“The record of the validity of his value judgment is a very impressive one,” beyond the question of what “valid” or “validity” could mean in the context of value judgments, reminds me of the daytime TV quiz shows which ask competing contestants questions of the type: It is better to spank a child for disobedience than to tweak the child’s ear, true or false? One contestant is said to answer more of these questions correctly, compiles a better record than the opponent, and wins a vacation for two to Hawaii. But there is something odd here. Questions of this type have no correct answers in the usual sense, usual in terms of questions asking about the state of facts. A correct answer in this case, is correct only insofar as it agrees with the answer of the quiz show’s resident expert; thus, one is not striving to answer correctly, for correctness is simply not relevant; one is striving rather to guess how the resident expert answered. This is exactly what the “impressiveness” of Vasari’s “record” amounts to, and, in this case, the resident expert is Jacob Rosenberg. Vasari was very lucky with his Titian answer, for unlike most quiz show contestants, he didn’t know whose answers he was going to have to match. It adds up very nicely: Vasari has a special feeling for quality (“gifted critics”) and sees quality in Titian; Rosenberg sees quality in Titian also, Rosenberg also has a feeling for quality.

3. From our present day point of view, de Piles’s quality judgment, as expressed in this list, is certainly disappointing after what we have read of his broadening of the classicist approach, his method of analysis and appreciation, and his great effort to reach a higher level of objectivity. We are disappointed that he rates Michaelangelo (37) much lower than Andrea Del Sarto (45) or Giulio Romano (49); and that Giorgione (39) falls far below Titian (511 and Tintoretto (49). We cannot understand why Dürer receives a grade of only 36, when a second rate mannerist like Taddeo Zuccaro gets a total of 46. Our admiration for the relatively high rating of Rembrandt (50) cools when we see Teniers follow fairly closely (with 46). We shake our heads at the curious underestimation of Caravaggio (28) when the Carracci and the Bolognese in general get high marks (58, etc.) And we are by no means happy about Giovanni Bell ini’s very low grade of 24. In this case, it is certainly small consolation that Lucas Van Leyden suffers the same fate. On the other hand, why does Charles Lebrun (56), this driest of the academicians, rank higher than Poussin (53), Leonardo (49), Correggio (53), Titian (51), and Rembrandt (50)? Is there any sense to de Piles’s criteria when they lead to such failures in his value judgment, at least as seen from our own time and point of view, which is backed by the accumulated experience of three more centuries? (p. 46).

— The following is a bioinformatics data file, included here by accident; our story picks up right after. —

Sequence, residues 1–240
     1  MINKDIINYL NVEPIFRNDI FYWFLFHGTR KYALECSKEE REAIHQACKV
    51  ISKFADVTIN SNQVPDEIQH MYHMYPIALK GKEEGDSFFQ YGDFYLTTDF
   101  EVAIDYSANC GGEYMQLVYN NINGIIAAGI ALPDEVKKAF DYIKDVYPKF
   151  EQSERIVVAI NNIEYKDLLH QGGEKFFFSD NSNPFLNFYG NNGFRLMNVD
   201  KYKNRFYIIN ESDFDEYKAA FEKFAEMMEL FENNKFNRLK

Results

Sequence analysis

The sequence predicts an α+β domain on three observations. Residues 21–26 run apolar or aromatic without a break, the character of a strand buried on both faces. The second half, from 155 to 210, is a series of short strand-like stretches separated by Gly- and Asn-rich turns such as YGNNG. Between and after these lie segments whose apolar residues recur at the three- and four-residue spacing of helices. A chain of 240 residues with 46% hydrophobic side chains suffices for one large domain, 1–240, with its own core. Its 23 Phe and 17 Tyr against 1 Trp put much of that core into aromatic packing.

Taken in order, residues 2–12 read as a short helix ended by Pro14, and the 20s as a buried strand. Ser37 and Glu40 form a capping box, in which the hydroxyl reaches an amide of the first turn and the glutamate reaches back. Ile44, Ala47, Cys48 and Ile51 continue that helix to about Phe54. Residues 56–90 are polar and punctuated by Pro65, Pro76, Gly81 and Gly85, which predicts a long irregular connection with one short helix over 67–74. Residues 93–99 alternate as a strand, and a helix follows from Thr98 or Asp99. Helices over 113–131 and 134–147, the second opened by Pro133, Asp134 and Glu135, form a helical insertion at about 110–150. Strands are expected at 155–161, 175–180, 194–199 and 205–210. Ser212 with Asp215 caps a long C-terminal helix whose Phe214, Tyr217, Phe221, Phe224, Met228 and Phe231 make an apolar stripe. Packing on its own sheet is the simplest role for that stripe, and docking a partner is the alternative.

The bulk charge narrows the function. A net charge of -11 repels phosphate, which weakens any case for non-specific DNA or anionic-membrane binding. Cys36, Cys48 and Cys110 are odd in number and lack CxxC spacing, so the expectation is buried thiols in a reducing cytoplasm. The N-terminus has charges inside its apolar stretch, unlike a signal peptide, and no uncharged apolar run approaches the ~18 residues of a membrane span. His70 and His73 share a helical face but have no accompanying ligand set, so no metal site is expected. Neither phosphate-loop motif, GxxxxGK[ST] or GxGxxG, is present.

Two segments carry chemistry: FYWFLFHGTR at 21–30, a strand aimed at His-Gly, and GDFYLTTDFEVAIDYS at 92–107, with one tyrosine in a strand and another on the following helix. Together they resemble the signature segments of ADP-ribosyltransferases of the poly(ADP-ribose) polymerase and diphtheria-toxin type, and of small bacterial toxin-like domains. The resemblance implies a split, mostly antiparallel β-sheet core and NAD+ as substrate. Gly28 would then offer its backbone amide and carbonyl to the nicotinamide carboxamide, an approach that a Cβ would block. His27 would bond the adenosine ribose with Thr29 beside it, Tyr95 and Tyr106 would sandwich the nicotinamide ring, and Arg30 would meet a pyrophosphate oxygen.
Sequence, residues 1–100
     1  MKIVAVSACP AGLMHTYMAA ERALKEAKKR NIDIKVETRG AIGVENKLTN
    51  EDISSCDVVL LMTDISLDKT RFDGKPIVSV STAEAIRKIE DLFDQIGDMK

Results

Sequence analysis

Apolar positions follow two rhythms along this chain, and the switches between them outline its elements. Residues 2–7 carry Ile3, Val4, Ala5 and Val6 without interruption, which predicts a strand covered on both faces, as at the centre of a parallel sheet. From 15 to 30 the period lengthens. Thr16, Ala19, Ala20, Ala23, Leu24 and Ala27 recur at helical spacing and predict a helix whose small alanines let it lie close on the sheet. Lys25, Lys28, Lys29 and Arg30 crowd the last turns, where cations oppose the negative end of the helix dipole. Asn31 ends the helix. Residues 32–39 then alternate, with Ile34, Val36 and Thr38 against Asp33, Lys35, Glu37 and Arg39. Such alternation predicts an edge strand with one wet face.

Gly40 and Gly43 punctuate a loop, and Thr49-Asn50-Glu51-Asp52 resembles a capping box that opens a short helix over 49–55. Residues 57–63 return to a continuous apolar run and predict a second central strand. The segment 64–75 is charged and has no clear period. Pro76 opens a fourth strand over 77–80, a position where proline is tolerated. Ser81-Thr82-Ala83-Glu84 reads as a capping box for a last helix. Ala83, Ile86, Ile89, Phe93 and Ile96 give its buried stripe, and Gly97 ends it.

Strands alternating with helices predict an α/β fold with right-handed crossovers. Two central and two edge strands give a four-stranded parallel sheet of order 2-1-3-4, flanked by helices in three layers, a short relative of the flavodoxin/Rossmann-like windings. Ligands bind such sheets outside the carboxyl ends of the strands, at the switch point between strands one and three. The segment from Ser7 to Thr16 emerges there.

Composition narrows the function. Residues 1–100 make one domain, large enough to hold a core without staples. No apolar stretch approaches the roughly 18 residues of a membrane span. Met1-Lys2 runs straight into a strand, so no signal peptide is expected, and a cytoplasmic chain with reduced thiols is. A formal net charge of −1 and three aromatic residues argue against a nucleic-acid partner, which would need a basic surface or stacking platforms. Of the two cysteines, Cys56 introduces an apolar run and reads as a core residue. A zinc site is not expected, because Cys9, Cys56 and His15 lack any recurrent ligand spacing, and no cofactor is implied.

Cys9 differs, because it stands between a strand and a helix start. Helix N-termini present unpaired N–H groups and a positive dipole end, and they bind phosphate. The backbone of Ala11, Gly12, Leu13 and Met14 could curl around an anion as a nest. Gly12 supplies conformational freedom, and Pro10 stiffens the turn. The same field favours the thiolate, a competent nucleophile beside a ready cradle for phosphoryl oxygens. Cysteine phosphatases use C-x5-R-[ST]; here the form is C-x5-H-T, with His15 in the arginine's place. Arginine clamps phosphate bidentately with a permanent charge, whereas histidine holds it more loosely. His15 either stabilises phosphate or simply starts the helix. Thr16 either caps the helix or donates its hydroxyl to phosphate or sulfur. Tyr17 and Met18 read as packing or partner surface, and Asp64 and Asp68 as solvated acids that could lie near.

No, there is no sense to de Piles’ criteria, but not because they lead to failures in value judgment, for the terms “success,” “failure,” “valid,” “invalid,” “true,” “false,” have no meaning or application with reference to value judgments. If de Piles’ criteria do not make sense, it is because no criteria for quality or excellence in art ultimately make any sense. We can say a work of art should be a certain way, but. we cannot support why an artwork should be that way, except to say we like works that are that way. But even if the notion of the possibility of quality and meaningful evaluation were accepted, and the notion of possible success or failure of a given evaluation accepted as well, where is there any evidence of a failure in de Piles’ value judgment? De Piles’ value judgments failed only insofar as they failed to coincide with those of Rosenberg, and other of de Piles’ judgments have succeeded on precisely the same terms—by coinciding with those of Rosenberg. But what sort of “accumulated experience of three more centuries” does Rosenberg mean that can somehow “back” current value judgments, sounding much like an insurance company backed by 75 years of experience? Clearly there is an accumulation of information, research, and information-gathering methodologies, which adds to our knowledge of the nature and sequence of historical events, attributions, etc., but there is no sort of accumulated experience of value judgments. Each individual has an evolving set of values of some sort, and each culture has, similarly, a set of evolving values. The individual takes on the values of the culture, and the culture’s values are an aggregate of the values of constituent individuals. However, values in an individual or a culture do not accumulate in the way individuals and cultures accumulate information; when certain values are added, other values are dropped, often of the necessity of new and old being mutually exclusive.